News Intel Document Confirms New LGA1700 Socket For Alder Lake Processors

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I read somewhere that the new chip will be rectangular--whereas the substrate is somehting like 37x37mm now, the LGA1700 will be 47x37mm, if I remember correctly.
 

Kamen Rider Blade

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There's no way in hell the new Socket will be the same dimensions as LGA 1200.

It has to increase in size given the number of new pins.

That means you'll probably need a new spec for coolers to mount to along with more surface area for the heat spreader.

That means all old LGA 1200/115x coolers will be obsolete.
 

bit_user

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It feels like a bad nightmare. Intel's LGA1200 socket for Comet Lake processors isn't even a year old yet, and there are already talks of a new socket for next year's 10nm processor.
A year? Didn't it just launch a couple months ago?

Still, there's nothing new. After Comet Lake comes Rocket Lake. And that's two generations, which means it's time for a new desktop socket. That's how Intel rolls.

The only exception to that was Haswell, which launched with a new socket that only lasted 1 generation, since the Broadwell desktop CPUs were pretty much all cancelled.

Intel even went so far as to introduce some trivial incompatibilities between Kaby Lake and Coffee Lake. Not to say that the new socket delivered no benefits, but a few boards have been made supporting all 4 generations - from Skylake to Coffee Lake-R, showing just how minor the differences must really be. Why they went ahead with it is anyone's guess - no doubt power-delivery was one reason, but AMD seems to have addressed such matters without changing their socket. So, perhaps it was motivated by wanting to keep commitments to their board partners and force a few extra sales?

As for the function of the 500 additional pins, I'm going to speculate that it could have something to do with Thunderbolt / DP 2.0 / USB 4.
 

TCA_ChinChin

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If the top end desktop chips also have the big little configuration, I'm going to be a little confused. It makes sense for lower power applications that need efficiency such as laptops, but if you're going to be selling to the diy builder space, most people are not going to want those little cores. Whats the point, especially if you need specific scheduling to make the most out of the big.little config?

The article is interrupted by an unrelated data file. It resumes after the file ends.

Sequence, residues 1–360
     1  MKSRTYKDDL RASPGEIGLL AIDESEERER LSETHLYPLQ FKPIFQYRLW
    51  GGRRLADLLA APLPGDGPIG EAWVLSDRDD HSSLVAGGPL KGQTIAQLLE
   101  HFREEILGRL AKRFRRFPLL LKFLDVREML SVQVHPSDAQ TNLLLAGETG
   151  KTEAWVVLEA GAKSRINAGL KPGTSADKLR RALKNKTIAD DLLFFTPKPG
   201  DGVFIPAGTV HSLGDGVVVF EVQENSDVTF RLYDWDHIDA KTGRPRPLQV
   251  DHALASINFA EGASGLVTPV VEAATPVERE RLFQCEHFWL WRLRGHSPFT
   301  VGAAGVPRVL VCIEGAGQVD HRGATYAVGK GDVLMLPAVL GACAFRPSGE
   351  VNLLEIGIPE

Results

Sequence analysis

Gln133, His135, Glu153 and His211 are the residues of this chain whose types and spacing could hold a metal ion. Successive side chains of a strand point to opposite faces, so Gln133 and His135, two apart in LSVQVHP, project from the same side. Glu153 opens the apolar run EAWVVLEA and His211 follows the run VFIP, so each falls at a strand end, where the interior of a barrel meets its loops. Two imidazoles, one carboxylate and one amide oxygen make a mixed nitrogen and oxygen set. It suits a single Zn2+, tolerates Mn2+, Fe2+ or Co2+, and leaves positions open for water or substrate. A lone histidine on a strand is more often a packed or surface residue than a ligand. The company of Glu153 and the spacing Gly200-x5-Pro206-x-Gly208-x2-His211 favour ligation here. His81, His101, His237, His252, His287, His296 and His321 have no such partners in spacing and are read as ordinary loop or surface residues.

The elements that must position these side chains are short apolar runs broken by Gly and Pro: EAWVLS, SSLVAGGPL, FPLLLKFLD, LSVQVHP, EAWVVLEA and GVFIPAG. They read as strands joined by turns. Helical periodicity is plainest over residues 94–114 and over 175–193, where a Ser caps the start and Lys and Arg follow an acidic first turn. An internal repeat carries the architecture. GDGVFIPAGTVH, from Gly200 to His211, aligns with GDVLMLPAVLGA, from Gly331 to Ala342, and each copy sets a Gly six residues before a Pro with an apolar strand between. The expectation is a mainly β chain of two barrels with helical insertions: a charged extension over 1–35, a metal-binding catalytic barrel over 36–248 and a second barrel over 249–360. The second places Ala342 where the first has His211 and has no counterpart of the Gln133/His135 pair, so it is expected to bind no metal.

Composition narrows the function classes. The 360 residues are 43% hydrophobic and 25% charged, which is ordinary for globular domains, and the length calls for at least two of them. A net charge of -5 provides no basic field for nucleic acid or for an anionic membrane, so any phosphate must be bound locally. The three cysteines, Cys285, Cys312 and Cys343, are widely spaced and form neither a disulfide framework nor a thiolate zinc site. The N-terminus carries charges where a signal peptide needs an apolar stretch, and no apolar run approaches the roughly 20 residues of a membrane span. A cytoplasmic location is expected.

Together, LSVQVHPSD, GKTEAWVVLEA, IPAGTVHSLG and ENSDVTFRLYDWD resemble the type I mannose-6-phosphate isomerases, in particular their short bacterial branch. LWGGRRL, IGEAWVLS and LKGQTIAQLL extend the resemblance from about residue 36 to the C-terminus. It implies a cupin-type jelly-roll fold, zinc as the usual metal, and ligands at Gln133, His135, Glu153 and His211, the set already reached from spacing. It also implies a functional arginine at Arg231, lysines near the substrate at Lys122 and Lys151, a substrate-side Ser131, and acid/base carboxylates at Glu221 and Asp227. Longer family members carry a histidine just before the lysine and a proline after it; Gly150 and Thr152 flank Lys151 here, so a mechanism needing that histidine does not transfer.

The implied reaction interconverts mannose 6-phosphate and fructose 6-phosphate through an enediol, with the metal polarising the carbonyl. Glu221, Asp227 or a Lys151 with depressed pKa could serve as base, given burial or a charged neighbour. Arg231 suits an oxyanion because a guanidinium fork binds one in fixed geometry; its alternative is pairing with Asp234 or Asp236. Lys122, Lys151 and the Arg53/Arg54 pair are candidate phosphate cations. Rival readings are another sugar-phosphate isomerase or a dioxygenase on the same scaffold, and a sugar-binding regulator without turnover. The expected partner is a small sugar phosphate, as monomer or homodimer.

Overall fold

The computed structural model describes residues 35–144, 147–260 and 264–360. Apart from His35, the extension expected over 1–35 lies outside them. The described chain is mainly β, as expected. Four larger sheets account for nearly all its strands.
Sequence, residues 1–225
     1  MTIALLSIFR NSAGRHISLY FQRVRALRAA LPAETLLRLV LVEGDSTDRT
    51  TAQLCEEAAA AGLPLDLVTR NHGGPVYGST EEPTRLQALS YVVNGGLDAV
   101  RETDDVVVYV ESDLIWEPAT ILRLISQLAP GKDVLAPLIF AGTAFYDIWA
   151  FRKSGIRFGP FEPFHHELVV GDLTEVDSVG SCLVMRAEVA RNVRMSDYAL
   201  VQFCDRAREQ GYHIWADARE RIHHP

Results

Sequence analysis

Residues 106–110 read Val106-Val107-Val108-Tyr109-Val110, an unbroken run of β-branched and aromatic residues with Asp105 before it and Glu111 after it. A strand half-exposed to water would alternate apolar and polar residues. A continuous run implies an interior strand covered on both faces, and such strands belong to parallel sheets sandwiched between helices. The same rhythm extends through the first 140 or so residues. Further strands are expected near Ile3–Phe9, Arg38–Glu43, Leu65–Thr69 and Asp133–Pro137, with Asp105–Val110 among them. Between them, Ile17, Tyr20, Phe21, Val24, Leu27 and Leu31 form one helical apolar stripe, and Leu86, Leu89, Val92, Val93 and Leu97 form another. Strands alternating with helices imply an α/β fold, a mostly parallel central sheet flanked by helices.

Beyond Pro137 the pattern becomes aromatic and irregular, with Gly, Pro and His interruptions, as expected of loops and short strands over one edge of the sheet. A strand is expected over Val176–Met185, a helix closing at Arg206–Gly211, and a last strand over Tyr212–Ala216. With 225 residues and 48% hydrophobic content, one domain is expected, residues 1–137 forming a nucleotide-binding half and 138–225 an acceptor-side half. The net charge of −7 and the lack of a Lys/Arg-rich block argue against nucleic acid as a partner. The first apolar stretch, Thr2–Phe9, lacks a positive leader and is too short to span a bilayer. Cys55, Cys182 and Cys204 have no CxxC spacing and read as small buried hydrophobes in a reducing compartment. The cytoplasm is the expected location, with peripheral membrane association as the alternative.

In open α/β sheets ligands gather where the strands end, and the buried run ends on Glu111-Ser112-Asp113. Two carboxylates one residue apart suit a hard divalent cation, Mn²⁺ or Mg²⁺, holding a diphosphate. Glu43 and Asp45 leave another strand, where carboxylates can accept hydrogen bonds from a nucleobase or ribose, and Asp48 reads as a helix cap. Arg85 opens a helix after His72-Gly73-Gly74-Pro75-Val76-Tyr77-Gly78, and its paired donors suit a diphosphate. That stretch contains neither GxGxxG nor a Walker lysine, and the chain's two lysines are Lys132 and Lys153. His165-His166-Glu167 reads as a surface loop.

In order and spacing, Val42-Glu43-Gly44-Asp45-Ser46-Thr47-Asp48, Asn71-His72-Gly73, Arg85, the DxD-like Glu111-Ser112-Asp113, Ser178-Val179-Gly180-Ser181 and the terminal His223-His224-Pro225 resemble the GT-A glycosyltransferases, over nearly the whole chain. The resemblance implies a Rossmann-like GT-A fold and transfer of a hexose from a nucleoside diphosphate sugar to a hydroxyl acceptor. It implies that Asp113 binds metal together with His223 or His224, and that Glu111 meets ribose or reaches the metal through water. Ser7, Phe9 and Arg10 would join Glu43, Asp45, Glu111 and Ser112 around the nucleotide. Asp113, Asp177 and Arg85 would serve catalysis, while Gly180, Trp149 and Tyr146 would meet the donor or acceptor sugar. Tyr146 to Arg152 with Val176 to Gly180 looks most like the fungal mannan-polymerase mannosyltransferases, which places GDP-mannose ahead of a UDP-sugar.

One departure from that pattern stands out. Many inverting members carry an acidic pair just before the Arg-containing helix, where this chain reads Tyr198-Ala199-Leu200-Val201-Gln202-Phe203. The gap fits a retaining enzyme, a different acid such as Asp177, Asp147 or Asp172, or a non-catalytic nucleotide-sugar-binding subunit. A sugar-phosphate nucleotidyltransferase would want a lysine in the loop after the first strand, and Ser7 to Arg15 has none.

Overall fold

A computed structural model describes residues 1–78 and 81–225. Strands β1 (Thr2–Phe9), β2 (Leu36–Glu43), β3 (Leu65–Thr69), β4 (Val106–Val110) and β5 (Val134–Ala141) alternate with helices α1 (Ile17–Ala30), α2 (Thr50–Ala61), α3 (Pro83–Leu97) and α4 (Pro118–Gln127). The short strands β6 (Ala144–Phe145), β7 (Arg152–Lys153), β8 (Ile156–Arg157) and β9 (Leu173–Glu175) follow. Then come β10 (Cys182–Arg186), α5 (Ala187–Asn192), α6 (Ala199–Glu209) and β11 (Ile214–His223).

bit_user

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If the top end desktop chips also have the big little configuration, I'm going to be a little confused. It makes sense for lower power applications that need efficiency such as laptops,
I had a similar reaction, when I first read about it. However, in a previous thread, someone pointed out that it lets them advertise the chip as 16 cores and should give them a not-insignificant multi-threaded performance boost over having just the 8 "big" cores.

If we consider that each "little" core is about 60% as fast a "big" core, yet uses about 40% of the area and maybe only 30% of the power, then it's both a more power- and area- efficient way to scale performance for highly-threaded workloads. Plus, they get better idle power numbers, by running backgound tasks on the "little" cores.

And all of the necessary software support should already be in place for Lakefield.

When you look at it like that, it really seems pretty obvious. Of course, I pulled the numbers out of the air, but I believe they're in the general ballpark, based on the slides they published (and other available info) on Lakefield.
 

InvalidError

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That means you'll probably need a new spec for coolers to mount to along with more surface area for the heat spreader.
The clearance area on the motherboard is more than large enough to accommodate a larger socket as long as whatever HSF you may want to reuse does not have stuff hanging below it that would interfere. The IHS may be bigger but the only thing that matters is whether the main heat-generating dies are covered.

As for what the 500 pins might be for, my guess is Intel has brought the chipset on-package, so ~300 of those pins are HSIO lanes with their associated power/ground pins and the bulk of the remaining 200 pins are for chipset power.
 

TCA_ChinChin

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I had a similar reaction, when I first read about it. However, in a previous thread, someone pointed out that it lets them advertise the chip as 16 cores and should give them a not-insignificant multi-threaded performance boost over having just the 8 "big" cores.

If we consider that each "little" core is about 60% as fast a "big" core, yet uses about 40% of the area and maybe only 30% of the power, then it's both a more power- and area- efficient way to scale performance for highly-threaded workloads. Plus, they get better idle power numbers, by running backgound tasks on the "little" cores.

And all of the necessary software support should already be in place for Lakefield.

When you look at it like that, it really seems pretty obvious. Of course, I pulled the numbers out of the air, but I believe they're in the general ballpark, based on the slides they published (and other available info) on Lakefield.
I hope you're right, cause if software support isn't impeccable, its gonna suffer. If all the cores also have hyperthreading (im don't remember if they do or not or if Intel has actually said anything about that) it'll make things a lot more bearable.